AMA: We Work in Operations at EA-aligned organizations. Ask Us Anything.

For point #2, one speculative thing that comes to mind is the legal and governance structure of an incorporated organisation, i.e. being incorporated, and having a board – whether a board of directors/trustees who have legal responsibility for the organisation and whom the team ultimately report to, or an advisory board.  

I know that plenty of larger EA groups, particularly national ones, have these kinds of things already, and I wonder whether it would be beneficial for more large EA groups to do so. (I don't know what the answer to this question is.) Possible advantages that I can think of of such a setup:

  • If you can find board members who are knowledgeable about the area – like maybe some EA community-building funder, or a leader of a larger EA group or something – their input might be great for strategy.
  • Running the legal entity's operations could be good skill-building for the organisers, e.g. if any of them want to work in operations or entrepreneurship.
  • It might be better for longevity and stability of the group – the board would always be responsible for the organisation, so if a dedicated group leadership team moved on before finding good successors, it would be the board's job to try again later.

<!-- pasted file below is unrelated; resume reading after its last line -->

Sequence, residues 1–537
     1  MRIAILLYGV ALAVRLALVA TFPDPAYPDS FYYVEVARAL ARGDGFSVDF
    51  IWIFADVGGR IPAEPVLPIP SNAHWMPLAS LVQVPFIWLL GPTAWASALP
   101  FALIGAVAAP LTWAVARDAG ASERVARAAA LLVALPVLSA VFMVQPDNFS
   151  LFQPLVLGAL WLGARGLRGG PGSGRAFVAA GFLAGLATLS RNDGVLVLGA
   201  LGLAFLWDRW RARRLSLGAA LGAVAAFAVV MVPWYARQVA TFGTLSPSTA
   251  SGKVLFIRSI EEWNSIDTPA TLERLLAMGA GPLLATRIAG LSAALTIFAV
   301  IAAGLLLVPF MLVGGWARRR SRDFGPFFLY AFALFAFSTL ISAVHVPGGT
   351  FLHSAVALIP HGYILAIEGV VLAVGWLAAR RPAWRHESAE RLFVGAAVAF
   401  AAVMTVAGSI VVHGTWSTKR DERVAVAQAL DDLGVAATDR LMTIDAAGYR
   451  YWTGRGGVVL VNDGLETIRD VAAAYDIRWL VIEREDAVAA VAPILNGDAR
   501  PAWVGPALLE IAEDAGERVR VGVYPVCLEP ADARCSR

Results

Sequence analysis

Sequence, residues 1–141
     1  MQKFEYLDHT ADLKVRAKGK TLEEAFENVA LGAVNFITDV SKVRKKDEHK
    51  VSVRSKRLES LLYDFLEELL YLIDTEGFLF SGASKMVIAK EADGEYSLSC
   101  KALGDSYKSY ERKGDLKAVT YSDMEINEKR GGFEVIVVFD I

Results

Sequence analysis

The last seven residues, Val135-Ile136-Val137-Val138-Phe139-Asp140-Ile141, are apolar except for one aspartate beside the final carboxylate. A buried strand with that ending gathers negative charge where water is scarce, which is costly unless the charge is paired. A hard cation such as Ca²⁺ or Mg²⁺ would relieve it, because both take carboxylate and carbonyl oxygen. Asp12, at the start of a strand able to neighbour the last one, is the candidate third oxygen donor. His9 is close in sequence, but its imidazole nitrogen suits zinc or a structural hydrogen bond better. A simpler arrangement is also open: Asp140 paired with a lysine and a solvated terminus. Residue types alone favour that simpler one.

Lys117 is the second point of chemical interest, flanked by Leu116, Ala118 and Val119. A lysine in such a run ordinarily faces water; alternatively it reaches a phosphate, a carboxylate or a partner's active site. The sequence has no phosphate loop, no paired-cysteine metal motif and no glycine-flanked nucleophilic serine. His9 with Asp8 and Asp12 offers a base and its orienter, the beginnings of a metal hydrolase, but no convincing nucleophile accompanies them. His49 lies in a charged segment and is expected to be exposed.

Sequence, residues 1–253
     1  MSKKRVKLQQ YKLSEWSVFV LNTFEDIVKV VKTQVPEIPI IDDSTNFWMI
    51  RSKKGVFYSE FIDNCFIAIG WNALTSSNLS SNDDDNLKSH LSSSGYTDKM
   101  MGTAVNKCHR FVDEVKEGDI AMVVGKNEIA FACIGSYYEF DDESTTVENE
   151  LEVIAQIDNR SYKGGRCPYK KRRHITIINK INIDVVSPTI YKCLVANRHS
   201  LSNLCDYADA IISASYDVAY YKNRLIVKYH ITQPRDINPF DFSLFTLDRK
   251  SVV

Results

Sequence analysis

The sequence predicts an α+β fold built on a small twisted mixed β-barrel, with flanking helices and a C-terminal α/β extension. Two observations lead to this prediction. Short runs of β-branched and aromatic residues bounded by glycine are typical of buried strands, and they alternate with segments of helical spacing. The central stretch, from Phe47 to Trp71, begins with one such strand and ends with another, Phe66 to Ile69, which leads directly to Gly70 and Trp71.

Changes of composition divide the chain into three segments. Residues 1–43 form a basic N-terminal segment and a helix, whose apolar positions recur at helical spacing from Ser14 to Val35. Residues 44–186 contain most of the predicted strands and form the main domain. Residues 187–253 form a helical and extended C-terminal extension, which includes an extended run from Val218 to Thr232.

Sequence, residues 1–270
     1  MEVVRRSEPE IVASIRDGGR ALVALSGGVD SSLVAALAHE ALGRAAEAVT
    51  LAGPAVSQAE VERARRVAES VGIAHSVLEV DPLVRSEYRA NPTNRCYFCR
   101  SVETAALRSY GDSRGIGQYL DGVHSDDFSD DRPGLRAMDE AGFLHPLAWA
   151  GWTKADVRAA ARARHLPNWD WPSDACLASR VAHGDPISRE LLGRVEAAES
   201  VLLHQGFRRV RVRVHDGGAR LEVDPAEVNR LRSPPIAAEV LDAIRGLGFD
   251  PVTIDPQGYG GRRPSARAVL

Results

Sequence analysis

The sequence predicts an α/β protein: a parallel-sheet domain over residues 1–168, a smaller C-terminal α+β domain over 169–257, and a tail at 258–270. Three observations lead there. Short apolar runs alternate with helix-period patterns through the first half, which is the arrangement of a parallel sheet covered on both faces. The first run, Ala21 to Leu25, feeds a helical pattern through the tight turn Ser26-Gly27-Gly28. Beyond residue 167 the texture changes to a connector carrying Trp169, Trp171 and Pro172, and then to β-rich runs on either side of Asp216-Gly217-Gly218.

• If there are paid organisers, they could be on payroll, which might be nicer experience for them than being paid directly by the funder. If the group ever wanted to rent property, it could do so in its own name.
  • Particularly if it's a charitable structure, having a legal entity might help with outreach due image reasons, particularly if targeting professionals rather han students.
  • If a  charitable structure, it might help get more funding, or funding from more diverse sources.

DIsadvantages I can think of include the effort and administrative complexity (which for a charity, might be very high), the time cost to the board members, the financial cost (e.g. incorporation fees, insurance etc, maybe legal advice or professional fees depending how much you did yourself), and maybe worse consequences if things go wrong (like forgetting to do some legal filing or doing your accounting wrong or something). I also  have no idea whether groups that are student societies are allowed to be incorporated.

AMA: We Work in Operations at EA-aligned organizations. Ask Us Anything.

I'll have a go at adding some more ideas for #2. (Similarly to Martin, I don't feel like this is my area of expertise and I'm sure there are others in the EA community who've thought about thisway more than me, but here goes for a try: )